Spying vs. stealing

Imagine Facebook had to pay you for using any information about you.

Instead of balancing "personal privacy" against some super-secret corporate imperative to profile you for the purposes of manipulating you, instead of that, your individual interests, and Facebook corporate interests, were perfectly aligned.

MV5BMTk4OTE2NjU1MF5BMl5BanBnXkFtZTcwMzQ5MDQ1Ng@@._V1_SY317_CR46,0,214,317_You and Facebook were partners in the monetization of your information, your personality.

In short, your information was your intellectual property.

In the privacy paradigm, Facebook may or may not get the "balance" - between your interests and its commercial imperatives - exactly right, but Facebook alone controls all exclusive intellectual property rights.

In the personal-information-as-intellectual-property paradigm, Facebook must account to you for how your information is processed and exploited. No "balancing act" required; simple commercial reporting obligations ensure accountability.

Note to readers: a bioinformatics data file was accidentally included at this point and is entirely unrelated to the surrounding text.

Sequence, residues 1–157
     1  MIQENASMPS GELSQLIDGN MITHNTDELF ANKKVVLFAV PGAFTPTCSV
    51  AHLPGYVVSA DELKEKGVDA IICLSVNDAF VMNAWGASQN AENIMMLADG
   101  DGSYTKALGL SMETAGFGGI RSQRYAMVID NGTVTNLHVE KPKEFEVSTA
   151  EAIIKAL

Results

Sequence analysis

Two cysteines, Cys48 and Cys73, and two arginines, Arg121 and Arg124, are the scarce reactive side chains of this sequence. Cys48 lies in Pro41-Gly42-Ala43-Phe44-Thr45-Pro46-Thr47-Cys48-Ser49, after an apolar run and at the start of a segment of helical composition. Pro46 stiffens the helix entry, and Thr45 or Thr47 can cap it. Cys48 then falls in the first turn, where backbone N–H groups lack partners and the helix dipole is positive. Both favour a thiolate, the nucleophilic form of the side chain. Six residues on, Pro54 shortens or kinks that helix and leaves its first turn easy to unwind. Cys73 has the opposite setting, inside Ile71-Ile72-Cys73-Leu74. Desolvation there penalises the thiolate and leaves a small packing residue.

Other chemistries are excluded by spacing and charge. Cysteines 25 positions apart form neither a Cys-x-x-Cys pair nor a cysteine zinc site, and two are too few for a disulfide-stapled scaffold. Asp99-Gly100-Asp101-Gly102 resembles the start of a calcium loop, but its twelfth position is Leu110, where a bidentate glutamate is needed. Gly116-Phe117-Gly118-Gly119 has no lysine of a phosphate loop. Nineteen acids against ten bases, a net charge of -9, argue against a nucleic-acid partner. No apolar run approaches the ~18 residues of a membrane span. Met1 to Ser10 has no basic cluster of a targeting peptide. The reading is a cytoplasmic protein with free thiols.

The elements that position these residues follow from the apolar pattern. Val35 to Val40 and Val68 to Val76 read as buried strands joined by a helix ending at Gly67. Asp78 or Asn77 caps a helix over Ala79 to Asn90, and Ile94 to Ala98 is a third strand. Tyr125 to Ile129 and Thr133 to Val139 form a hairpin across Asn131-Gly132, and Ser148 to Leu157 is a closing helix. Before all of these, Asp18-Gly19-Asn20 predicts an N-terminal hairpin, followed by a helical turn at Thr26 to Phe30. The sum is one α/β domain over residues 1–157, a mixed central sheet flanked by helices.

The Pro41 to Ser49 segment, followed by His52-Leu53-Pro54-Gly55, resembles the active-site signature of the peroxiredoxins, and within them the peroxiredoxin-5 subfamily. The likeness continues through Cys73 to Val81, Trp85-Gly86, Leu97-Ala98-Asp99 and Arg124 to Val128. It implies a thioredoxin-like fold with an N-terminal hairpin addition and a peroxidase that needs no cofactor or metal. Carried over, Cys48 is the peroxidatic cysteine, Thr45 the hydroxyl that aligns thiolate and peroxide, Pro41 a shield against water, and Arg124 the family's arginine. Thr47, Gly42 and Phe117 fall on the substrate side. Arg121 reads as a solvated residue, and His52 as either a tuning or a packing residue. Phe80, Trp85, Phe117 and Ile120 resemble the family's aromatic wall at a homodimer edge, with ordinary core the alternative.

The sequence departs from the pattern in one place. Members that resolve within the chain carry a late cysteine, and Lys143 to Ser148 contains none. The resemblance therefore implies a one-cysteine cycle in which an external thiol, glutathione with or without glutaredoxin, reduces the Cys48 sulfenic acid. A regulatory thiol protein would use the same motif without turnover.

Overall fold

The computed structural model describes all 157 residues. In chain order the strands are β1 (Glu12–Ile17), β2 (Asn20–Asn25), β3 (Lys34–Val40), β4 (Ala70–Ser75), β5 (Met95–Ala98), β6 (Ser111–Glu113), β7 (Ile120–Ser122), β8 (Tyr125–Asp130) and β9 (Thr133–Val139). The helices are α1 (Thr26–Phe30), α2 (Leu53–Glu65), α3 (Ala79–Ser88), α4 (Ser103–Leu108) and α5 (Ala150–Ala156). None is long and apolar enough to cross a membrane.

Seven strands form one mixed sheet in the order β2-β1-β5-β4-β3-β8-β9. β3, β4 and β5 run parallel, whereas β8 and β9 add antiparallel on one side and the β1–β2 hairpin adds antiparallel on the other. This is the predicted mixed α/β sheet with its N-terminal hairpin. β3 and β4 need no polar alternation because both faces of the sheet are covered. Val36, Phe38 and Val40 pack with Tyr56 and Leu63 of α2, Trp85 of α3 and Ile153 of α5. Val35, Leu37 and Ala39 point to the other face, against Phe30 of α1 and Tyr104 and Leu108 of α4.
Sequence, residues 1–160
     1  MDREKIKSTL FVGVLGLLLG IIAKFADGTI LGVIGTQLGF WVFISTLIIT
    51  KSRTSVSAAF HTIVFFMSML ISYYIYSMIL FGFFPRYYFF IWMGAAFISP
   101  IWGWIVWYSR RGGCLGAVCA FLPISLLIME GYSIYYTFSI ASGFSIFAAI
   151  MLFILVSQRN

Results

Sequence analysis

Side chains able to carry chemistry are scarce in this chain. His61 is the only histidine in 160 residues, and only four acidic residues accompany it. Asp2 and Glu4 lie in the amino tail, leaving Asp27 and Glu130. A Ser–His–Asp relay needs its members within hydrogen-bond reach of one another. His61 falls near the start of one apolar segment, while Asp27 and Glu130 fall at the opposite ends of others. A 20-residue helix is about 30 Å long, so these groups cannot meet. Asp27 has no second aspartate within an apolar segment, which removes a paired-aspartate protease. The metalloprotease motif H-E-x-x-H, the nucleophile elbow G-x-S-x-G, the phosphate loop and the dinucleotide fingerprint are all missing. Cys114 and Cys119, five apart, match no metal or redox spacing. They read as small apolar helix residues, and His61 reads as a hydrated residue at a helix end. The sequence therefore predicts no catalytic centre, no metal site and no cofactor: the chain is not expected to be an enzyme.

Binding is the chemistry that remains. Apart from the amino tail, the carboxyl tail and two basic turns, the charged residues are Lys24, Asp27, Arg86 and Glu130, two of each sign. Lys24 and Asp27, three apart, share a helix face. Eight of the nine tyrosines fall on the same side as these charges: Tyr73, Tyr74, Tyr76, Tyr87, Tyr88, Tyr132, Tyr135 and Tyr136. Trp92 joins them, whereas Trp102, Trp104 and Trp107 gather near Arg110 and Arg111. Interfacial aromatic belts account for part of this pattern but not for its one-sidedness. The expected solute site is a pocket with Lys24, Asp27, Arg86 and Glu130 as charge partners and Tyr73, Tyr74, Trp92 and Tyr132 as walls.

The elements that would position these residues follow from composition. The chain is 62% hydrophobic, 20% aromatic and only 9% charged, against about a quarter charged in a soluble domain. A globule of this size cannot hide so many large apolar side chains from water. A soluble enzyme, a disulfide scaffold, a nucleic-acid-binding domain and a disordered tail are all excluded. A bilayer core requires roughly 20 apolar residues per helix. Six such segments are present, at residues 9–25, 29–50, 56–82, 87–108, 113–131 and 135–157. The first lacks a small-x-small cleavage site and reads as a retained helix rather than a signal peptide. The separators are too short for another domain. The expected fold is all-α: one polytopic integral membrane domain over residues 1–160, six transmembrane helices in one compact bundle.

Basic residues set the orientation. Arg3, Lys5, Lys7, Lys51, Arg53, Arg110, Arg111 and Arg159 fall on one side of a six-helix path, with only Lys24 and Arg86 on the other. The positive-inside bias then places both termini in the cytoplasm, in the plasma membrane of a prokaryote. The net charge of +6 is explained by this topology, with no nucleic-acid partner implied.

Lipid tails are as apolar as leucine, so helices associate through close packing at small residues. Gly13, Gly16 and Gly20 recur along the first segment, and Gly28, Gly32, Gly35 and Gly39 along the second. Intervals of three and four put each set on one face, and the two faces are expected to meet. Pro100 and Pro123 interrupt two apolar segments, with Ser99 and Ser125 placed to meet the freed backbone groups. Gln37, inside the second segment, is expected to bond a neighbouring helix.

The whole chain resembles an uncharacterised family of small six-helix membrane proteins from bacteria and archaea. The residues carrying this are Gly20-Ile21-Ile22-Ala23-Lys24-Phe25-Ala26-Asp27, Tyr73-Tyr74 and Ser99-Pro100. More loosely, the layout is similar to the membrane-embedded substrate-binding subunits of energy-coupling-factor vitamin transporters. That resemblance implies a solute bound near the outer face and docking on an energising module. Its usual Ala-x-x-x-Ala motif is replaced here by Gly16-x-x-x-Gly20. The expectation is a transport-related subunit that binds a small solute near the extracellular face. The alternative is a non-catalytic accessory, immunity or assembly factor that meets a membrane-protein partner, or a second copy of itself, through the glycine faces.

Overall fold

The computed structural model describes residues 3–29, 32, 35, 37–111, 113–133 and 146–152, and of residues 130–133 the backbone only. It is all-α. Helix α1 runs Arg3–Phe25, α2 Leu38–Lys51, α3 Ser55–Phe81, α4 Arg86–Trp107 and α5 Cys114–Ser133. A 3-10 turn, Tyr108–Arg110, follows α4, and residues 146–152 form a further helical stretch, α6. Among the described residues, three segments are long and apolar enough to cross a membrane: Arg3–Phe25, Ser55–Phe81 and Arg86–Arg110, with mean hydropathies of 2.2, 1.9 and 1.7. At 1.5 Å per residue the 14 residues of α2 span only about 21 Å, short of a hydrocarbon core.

If we thought about our information this way, and if our commercial relationships with large web services were built to meet such expectations, it would be harder for companies like Facebook, Google, Apple, etc., to cooperate with government requests for all the data that runs through the corporate servers.

"That data does not belong to us," they could say. Depending on their contract with customers, they might also say, "It is, however, available for a premium fee."

Some people might be willing to sell their information to the government in exchange for good and valuable consideration - say, a federal income tax credit. For some, maybe patriotism would be sufficient consideration.

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